The Murphy Writing of Stockton University nine-day Get Away to Write in Scotland program was in cooperation with the University of Dundee. Once a bustling city employing 50,000 in the jute industry, a fiber used for making canvas, rope, sails and more, Dundee is attempting a rebound, a new branch of the Victoria and Albert (V&A) Museum–a tourist anchor.
Daily workshops centered on writing, but excursions augmented the program and introduced us to Scottish culture and lifestyle. One afternoon our group ventured into the world of Scottish literature on an Edinburgh pub tour, visiting places patronized by literary greats. Packed pubs, libations, crowds.
I hold my pocketbook close, stare at the back of the person in front of me and follow from pub to pub. We reach our last stop, descend a set of stairs and enter the bar. It takes a few minutes for my eyes to adjust to the darkness.
I slip into a straight-back wooden bench furnished with a deep red cushion and settle in for a talk about famous Scottish writers, their habits and habitats, from James Macpherson and Robert Burns to J. K. Rowley.
The low wooden ceiling, beams grimy from age, and dark wood-paneled walls create a calm, almost dignified atmosphere. It is places like this where over the centuries the literary greats gathered, guzzled, ate gossiped, created masterpieces, and guzzled again.
I hear the stories and a question nags. The greats indulged in drink, drugs, gambling, promiscuity…Is spending time, money and energy on debauchery a prerequisite to producing literary masterpieces? What comes first – the writing or the vice? Are they a team, feeding off each other–the writer doomed without the assistance of a vice or two? Robert Burns lusted after women during his short life. Arthur Conan Doyle, born in Edinburgh, experimented with a drug (gelsemium) while a medical student and continued to indulge after school. Robert Louis Stevenson was a sickly chap, but did his best to overcome his physical limitations. With minimal monetary means, he managed to regularly patronize budget-priced pubs and brothels. Unfortunately there is no time to consider the question before moving on. When home I will have to spend time pondering whether or not I should indulge in a vice that will result in the production of perfectly polished prose.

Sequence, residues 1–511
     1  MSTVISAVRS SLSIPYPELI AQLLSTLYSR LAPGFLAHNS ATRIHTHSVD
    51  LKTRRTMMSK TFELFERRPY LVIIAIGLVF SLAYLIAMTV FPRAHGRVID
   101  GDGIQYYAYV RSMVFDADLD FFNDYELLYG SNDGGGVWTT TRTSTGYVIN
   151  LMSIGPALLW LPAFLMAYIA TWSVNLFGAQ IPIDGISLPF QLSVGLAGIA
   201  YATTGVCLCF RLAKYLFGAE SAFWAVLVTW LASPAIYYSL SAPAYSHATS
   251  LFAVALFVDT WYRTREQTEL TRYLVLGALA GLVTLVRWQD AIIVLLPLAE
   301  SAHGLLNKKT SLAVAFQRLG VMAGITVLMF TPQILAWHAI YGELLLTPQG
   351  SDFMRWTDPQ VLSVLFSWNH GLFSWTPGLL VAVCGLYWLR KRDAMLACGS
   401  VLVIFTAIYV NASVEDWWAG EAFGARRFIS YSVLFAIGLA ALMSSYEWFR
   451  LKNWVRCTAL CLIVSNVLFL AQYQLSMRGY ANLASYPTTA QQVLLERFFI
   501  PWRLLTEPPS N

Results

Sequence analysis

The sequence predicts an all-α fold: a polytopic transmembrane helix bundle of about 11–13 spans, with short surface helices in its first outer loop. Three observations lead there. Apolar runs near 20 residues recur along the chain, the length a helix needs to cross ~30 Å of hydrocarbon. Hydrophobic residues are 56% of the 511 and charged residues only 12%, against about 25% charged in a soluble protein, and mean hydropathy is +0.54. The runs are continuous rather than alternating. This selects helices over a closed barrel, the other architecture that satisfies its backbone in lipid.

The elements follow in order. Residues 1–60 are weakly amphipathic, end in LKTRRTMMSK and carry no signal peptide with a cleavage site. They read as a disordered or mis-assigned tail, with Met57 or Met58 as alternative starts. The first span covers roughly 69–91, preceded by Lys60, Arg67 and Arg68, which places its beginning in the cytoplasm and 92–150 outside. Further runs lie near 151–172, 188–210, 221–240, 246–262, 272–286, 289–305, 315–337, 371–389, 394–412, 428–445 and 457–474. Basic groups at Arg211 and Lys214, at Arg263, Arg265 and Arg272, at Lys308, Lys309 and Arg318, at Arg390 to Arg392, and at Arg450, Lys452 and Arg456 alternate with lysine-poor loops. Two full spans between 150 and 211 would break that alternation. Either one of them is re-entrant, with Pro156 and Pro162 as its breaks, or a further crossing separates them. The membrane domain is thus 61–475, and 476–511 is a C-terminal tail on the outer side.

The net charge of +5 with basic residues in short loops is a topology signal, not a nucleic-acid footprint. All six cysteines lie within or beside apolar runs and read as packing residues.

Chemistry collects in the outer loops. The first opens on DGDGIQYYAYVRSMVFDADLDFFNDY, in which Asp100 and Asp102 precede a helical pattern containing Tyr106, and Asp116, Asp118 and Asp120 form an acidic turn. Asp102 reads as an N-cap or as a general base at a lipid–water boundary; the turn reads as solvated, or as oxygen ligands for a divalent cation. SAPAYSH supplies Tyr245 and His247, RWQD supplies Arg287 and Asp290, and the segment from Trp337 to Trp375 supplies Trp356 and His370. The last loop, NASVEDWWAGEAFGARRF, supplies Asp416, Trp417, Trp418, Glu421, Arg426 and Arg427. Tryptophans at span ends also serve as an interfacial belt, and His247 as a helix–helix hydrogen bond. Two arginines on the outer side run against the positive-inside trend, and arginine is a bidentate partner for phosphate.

Another afternoon our group toured the countryside, the first stop Dundee Law (Law is Scottish for mountain). As the bus maneuvered a series of s-curves, my stomach felt queasy and my eyes glazed over. I feared I would puke. Please don’t puke, I repeated to myself. The godawful smell, the mess, the ugliness, the rolling eyes of bystanders, the yucky by-products in my mouth after the event unfolded.
The bus stops and I sigh with relief and stand, unsure my gut would cooperate with the rest of my body. We disembark and begin the hike to the mountaintop. The purpose–in addition to admiring the view–is a group picture with Dundee and the river Tay in the background. How many groups go to this extent for a picture? The days of Instagram demand enticing poses.